Adversity on the Pacific Crest Trail
Update on Adventure Scholar Kelly Kate Warren
Kelly Kate, one of our newest Flyin Ryan Adventure Scholars, wrote us this summer to update us on her adventure, which involved hiking the Pacific Crest Trail (PCT). Here’s her story:
I’ve been putting off writing this update, because it was one I desperately hoped I would never have to write. My PCT attempt has been cut short by a broken leg, which is a huge bummer. But life is full of hurdles, and I’m feeling good. I’m recovering at my mom’s house, and I’m already planning a 2019 reattempt of the full PCT. I am so grateful for the support of the Flyin Ryan Hawks Foundation.
My first two months on trail this year were amazing. The absolute highlight was the 100 miles I hiked in the snow in the Sierra, and it will be remembered always as one of the most incredible experiences of my life. I’m beginning to understand you snow-lovers. I’ve always been a dirt-walker and I was missing out, big time!
After participating in a brief training in Lone Pine, CA, our group continued onwards, through what is known as the most difficult part of the PCT. Forester Pass, the highest point on the PCT at over 11,000 feet, a side trip to Mt. Whitney, and lots of dangerous creek crossings. It was incredible. We hiked off trail with a map and compass almost the entire way, and camped in some beautiful remote areas. We spent a day fishing below Mt. Whitney, then climbed it during a beautiful sunrise, and got to stand on what felt like the top of the world. We made it safely across three passes, and through countless raging stream crossings. It was scary and fun, and the biggest adventure I’ve ever had.
I recovered for two days, and then got the call to go visit trail crews in King’s Canyon. I hitched my way to the trail house directly across the Sierra in Grant Grove, and got to spend a week with the King’s trail crew, including many of my closest friends. It was wonderful, except that I broke my leg. I woke up early one morning to volunteer with breakfast, got dizzy while slicing strawberries, sat down on a bench, passed out, fell a foot and a half, and broke my fibula.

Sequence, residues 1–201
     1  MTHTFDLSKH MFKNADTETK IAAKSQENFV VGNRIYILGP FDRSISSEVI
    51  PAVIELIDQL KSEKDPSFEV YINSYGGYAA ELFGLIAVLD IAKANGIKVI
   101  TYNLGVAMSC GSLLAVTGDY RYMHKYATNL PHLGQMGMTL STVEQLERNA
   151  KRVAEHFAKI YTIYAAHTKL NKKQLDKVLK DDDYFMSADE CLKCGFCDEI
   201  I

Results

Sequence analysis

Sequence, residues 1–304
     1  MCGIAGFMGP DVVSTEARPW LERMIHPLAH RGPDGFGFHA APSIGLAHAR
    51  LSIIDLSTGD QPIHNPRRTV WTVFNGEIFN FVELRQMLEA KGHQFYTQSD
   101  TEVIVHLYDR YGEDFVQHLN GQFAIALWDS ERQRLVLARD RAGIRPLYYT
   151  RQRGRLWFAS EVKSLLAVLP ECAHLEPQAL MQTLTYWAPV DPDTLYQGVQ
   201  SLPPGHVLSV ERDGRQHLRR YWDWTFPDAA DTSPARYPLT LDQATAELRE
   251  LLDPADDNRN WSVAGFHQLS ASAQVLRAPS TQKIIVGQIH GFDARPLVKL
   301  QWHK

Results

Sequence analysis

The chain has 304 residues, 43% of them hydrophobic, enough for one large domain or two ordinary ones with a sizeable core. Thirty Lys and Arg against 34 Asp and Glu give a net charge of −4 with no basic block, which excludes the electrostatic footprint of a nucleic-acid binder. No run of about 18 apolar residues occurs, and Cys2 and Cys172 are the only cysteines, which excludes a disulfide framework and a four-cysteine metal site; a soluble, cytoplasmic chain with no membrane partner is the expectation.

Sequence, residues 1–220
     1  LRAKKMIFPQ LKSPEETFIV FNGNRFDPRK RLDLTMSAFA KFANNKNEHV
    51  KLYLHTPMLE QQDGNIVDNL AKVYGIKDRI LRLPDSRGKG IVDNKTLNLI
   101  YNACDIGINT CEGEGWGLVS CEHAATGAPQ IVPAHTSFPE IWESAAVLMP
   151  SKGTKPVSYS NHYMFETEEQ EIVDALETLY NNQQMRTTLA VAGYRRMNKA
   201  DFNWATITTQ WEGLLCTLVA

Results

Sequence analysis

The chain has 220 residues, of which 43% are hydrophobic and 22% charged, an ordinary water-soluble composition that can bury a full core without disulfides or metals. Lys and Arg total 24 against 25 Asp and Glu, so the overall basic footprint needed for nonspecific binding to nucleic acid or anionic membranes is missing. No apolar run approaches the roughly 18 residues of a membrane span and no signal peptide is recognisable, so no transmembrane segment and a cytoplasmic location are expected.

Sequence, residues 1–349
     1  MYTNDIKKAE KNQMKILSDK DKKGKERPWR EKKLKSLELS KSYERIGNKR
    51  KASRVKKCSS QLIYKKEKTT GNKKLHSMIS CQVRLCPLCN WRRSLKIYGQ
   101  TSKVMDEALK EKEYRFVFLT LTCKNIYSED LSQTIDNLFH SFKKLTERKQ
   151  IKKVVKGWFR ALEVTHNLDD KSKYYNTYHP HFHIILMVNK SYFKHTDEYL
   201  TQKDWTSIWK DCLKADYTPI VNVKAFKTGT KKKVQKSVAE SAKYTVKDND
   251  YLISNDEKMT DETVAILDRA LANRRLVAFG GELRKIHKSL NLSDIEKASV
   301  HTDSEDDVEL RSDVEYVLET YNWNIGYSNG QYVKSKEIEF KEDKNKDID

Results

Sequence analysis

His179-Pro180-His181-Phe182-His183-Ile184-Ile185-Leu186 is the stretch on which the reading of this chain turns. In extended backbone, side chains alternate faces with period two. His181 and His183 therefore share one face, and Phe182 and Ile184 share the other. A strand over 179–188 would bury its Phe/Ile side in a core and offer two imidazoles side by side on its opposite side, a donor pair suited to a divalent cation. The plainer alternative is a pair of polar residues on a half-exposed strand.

It sucks. A lot. But it could have been much worse, and it’s kinda funny that I made it almost 800 miles and through some crazy terrain, only to be broken by strawberries! I have since had surgery to screw in a plate to level the break. I’ve been overwhelmed by the love and support of my family and friends. Meanwhile, I’ve been busy at home working on a book about the PCT and trail work.
I will keep you posted as I heal. It’s been humbling and enlightening to experience an injury like this, and I feel really happy about the 700 miles I hiked. It was an incredible experience, and I look forward to trying the whole thing again in 2019. I want to hike 2,660 miles without stopping to heal a broken leg, and I will!
I will forever think of Ryan and thank him for giving me the tools and confidence to explore the snowy wild.
– Kelly Kate
When she’s not hiking, she writes, and cooks and serves amazing food for trail crews in national parks and wilderness areas across the Western US.
Learn more about Kelly Kate Warren on her Adventure Scholars Profile page.
Read more about the Flyin Ryan Adventure Scholarship Program and other Adventure Scholarship recipients.